spreadsheets and suitcases

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Quinceañera Trip Report Part 1: HNL to JFK

on December 8, 2016

Me upon hearing/seeing the name “JFK airport”…

disgust

This is because, despite it being only 20 miles away from where I grew up in NJ, it can take over 2 hours and nearly $30 in tolls to get there.  Plus, the most direct driving route takes you through midtown Manhattan, so you need nerves of steel, a healthy rage-vocabulary, and catlike reflexes as well.

Here’s what I knew in advance: the party was going to be the Friday after Thanksgiving.  I would stay at a hotel because a bunch of relatives were coming from all over and I didn’t want to inconvenience anybody by taking up all the space at Hotel Mami/Papi with my people and a fluffy dress.  I would need a car to go back and forth to the hotel, to arrive early at the party, etc.The first thing I did (and I would love to go back in time and pat myself on the back for it), was to secure a car rental on CostcoTravel.  I went there because it’s a toss-up between Costco Travel and the Ultimate Rewards site from Chase as far as the best rates.  In this case, Costco Travel won, by a lot.  So I booked through them, with a rate I was pretty pleased with, given that we would be picking up the car in NY, but dropping it off in NJ- an action which often triggers a surcharge.  Not this time, yay.

When planning the flights, I used my usual trick of entering “NYC” as the arrival airport instead of just “EWR-Newark”- remember, that expands the search to include EWR, LGA- LaGuardia, and JFK-Kennedy.  Though 99% of the time I will choose to land at EWR, I like to know what is available as far as award flights and alternate scheduling at the other airports for reference.  And, since I knew that I would need to rent a car, it made sense to expand the airport options somewhat.  It just so happened that I wanted to use Alaska Airlines miles for these one-way flights, and JFK awards were available, while EWR awards were sold out.  Then, of course, I settled on the nonstop on United to come home.  OK, so the flights were settled.

Back to the rental car.  As I often do, I entered my car rental information into AutoSlash, which reruns the reservation information through several car rental sites daily, looking for better rates.  After a few weeks, I only had one hit, and it involved changing my reservation from Budget Rental Car (through Costco and its superior consumer protections) to Dollar Rent-a-Car (stand-alone).  No way, Dollar has a terrible reputation, plus they were going to charge for the second driver, which Costco includes.  And I would only save like $20.  Not worth it.  I checked around again for rates, and the prices were close to double what I had reserved at (hence the pat on my back for booking so early).  I pulled the reservation from AutoSlash at that point.

Right around this time, DH was getting ready to close his Barclaycard Arrival+.  The annual fee was coming up, the terms had changed for the worse, and it had already served the best purpose evah- free Universal Islands of Adventure tix! As we got ready to close the card, we wanted to be sure there were no “orphan points” left over.  The highest value redemption of Arrival+ points is on travel purchases, so we redeemed the max we could based on the points he had left, and scored a $100 gift certificate for Budget Rental Car :).  When you redeem for travel, you also get a redemption rebate.  We used up those last few points as straight cash back, and canceled the card.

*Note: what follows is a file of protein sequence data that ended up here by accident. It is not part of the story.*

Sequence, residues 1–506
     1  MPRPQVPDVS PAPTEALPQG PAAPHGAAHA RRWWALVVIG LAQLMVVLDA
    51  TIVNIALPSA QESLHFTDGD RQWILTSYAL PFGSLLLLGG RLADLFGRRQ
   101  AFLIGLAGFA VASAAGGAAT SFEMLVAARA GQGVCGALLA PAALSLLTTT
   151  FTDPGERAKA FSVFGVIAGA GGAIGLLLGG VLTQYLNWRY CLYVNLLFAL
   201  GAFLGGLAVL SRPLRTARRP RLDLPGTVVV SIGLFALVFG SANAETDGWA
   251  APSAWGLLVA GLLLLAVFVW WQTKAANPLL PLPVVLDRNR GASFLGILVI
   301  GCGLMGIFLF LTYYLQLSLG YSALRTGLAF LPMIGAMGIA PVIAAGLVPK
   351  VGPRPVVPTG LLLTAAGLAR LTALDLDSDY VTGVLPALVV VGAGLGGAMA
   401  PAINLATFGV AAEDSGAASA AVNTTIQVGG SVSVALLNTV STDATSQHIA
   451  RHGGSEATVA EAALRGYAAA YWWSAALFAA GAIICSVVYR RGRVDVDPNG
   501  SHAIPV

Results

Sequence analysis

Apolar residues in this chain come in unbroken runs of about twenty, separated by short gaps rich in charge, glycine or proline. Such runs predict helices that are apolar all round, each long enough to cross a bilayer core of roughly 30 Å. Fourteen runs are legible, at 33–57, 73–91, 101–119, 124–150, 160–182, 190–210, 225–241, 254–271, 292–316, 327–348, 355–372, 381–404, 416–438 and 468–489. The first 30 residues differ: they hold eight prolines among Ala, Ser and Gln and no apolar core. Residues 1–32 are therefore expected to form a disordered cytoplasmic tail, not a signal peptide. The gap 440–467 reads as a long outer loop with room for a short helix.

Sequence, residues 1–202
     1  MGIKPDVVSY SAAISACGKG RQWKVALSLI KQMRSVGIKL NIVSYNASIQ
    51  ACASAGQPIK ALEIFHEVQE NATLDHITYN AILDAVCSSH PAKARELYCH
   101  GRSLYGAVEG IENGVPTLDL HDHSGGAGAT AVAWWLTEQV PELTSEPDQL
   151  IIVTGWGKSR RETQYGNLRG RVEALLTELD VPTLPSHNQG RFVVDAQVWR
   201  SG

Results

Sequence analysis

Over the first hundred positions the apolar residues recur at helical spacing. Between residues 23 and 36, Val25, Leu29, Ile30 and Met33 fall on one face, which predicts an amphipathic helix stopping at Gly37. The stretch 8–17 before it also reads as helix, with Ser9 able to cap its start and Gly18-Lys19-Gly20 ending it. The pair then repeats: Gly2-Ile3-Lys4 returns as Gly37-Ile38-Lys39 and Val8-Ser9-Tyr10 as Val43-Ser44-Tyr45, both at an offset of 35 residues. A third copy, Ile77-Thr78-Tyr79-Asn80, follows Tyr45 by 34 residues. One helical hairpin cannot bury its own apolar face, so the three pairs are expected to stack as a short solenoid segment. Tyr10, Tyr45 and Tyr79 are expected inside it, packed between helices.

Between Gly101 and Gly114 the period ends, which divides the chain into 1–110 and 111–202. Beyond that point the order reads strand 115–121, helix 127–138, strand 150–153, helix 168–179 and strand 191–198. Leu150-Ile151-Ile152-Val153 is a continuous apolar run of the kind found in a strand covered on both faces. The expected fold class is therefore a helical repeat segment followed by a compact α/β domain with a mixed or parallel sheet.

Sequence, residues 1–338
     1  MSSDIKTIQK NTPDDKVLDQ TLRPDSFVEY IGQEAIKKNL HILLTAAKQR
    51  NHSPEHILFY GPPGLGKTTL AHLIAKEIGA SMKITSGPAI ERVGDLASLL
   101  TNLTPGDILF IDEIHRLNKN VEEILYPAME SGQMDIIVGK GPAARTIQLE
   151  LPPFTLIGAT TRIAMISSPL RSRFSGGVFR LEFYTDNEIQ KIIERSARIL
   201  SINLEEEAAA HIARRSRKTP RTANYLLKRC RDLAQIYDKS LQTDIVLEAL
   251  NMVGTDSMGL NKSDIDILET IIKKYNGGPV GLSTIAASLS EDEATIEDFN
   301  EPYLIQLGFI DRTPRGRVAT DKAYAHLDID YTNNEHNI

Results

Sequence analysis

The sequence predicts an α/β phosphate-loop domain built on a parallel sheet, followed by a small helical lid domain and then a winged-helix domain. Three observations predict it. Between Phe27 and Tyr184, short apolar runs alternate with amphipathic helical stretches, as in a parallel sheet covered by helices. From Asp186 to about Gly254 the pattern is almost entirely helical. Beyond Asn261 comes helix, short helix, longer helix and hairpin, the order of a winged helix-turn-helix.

Now it was time to research Budget’s eToll service.  The toll device usage/rental details are a tricky area that many consumers don’t understand before driving the car away.  It’s hard to find the fine print on most car rental sites, in fact.  Almost like they want you to be surprised by fees that you can’t contest later….hmmmm.  Anyway, names and services vary by region, but I was working in the Northeast, so we’re primarily talking about using EZ-Pass here.  I wondered if it would be worth it to pay for Budget’s eToll transponder rental ($3.95/day plus actual cost of the tolls), which would allow us to use the EZ-Pass lanes at EZ-Pass rates that are usually lower than the cash rate, or keep the transponder box thingy closed and make sure we had cash to use at the cash lanes.

I knew we would need to go through the Midtown Tunnel and the Lincoln Tunnel at least once.  Depending on errands, we might have had to use the NJ Turnpike a few times.  There are few cash and cash+EZ-Pass lanes compared to just EZ-Pass lanes, which require some maneuvering in the toll plaza to get to.  The cash lanes are much slower.  Plus, you need cash, duh.  I famously never carry any, preferring to earn more miles/points/etc. with a credit card.  Did it make sense to shell out the extra for the eToll?  I was like…

math

…and in the end, decided that yes, we would use it.  We wound up not using the Turnpike at all, but I was extremely grateful to have it at the toll plaza for the Midtown Tunnel- it was a zoo and I didn’t want to think about having to change to 3 lanes over in that crowd.